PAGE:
Progress Report Burning Man Journal

When we touched base last time, the crews had just finished the nine-mile trash fence around the perimeter of Black Rock City. There was nothing else here. Just a fence, a bunch of trucks, a few containers maybe, but that was about it. After the big opening Fence day, the daily grind sets in, and, emotionally speaking, there seems to be a bit of a lull in the air.

The closer you look, the more staggering the logistics become. Think of it: workers are staged in sleepy Gerlach as the closure order draws near (the date that the BLM allows the transformation in Black Rock to begin). They bunk in town at the trailer park and the Showers property, nose to nose, face to face, all tight and cozy. In addition to space, they need food, water and power. (They don’t actually NEED a bar, but they’ve got one anyway, the Black Rock Saloon.)

Over the course of the past seven days, not only has the workforce successfully relocated to the desert, but they’ve also begun to build the city. The gigantic Commissary tent is up, the Heavy Equipment and Machinery yard is brimming with gear, and the skeletons of the Center Café and the Artica ice house have risen, as if by wizardry. The Depot is buzzing, the radios are crackling, and the IT teams are putting up towers to bring connectivity to the city. Water trucks are dampening the dust, the Metal Shop has its plasma cutters, and the Auto Shop is transitioning from the ranch to the playa. The HeAT crew is raring to go

Alipato was telling us the other day about the time that he had his dad come out for a visit, to see what his son was working on at that Burning Man thing. “Now my father wasn’t all that happy with some of the life choices I’d made,” Alipato said. His father was an Air Force guy, and you can imagine his skepticism about Burning Man and the desert hippie ravers.

Somehow, Camera Girl has managed to keep coming out to the desert at the beginning of the build, even as pressures have mounted for her to stay back in the city and keep the paperwork moving. DA mentioned the same thing, that as the organization grows and responsibilities get larger, you find yourself spending more time in the glow of a computer screen, rather than in the glow of a desert sunset. Camera Girl at Point One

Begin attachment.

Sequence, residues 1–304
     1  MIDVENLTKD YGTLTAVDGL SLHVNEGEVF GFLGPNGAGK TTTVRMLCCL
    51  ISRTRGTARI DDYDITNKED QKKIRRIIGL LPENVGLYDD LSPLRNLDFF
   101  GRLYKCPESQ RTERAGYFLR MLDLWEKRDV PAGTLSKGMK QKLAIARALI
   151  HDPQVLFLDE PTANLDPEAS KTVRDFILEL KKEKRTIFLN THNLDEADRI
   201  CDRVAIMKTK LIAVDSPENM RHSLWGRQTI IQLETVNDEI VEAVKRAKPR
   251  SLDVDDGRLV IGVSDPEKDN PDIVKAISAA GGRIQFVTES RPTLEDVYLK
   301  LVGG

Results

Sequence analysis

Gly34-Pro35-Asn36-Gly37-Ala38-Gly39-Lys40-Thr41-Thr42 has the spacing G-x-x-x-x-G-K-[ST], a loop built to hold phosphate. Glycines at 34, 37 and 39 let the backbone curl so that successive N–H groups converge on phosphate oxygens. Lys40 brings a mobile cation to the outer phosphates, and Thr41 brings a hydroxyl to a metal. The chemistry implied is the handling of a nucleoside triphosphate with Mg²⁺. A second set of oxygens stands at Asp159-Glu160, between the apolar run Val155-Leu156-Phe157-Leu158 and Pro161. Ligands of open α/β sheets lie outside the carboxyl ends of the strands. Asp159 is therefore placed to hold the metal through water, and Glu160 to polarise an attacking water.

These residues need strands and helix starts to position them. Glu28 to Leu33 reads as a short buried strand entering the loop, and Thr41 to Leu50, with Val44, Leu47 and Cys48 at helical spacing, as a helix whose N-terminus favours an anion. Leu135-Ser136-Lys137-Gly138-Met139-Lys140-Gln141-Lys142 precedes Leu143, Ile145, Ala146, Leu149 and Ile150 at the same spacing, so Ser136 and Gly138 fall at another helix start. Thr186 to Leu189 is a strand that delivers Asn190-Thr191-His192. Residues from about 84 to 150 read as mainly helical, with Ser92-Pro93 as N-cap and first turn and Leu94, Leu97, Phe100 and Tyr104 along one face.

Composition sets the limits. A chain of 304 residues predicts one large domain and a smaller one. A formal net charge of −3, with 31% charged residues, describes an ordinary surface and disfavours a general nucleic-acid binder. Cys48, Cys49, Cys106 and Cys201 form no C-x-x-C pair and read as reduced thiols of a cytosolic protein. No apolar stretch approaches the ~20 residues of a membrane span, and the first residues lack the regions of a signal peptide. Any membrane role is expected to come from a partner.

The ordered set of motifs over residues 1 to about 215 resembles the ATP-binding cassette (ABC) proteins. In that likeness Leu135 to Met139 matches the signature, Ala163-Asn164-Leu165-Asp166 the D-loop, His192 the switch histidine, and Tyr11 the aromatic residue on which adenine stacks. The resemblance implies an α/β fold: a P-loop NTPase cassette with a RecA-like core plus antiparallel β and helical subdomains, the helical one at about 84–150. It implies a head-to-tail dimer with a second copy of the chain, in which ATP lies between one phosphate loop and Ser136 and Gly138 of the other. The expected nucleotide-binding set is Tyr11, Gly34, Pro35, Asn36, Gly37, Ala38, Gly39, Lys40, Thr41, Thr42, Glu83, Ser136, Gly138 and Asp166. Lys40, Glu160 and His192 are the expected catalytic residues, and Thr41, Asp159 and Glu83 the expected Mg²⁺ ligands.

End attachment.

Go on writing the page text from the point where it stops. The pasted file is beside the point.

It’s not easy here. It’s hot. Your stuff breaks. Sometimes YOU break. But you keep moving forward, a step at a time, an hour at a time, a day at a time. But you don’t move forward robotically. The differentiator here is the emphasis on fun, on creativity, on expression. And it puts the responsibility on us to examine our experience here, and perhaps curate it appropriately, as we search for an antidote to 21 st Century-style isolation. [Editor’s Note: Put down your phone.] [Editor’s Note 2: Your Facebook life is not your real life.]

And finally, a word about conditions. You already know that it’s hot. Even the vendor truck drivers piloting the big diesels are complaining about the heat. You know it’s been hot when only the smoky haze can keep temperatures below triple digits. Remember too, though, that we routinely get 40-degree temperature shifts over the course of the day, so if the weather changes and we start out cooler, the nighttime can get chilly. Fine white powder has been blowing steadily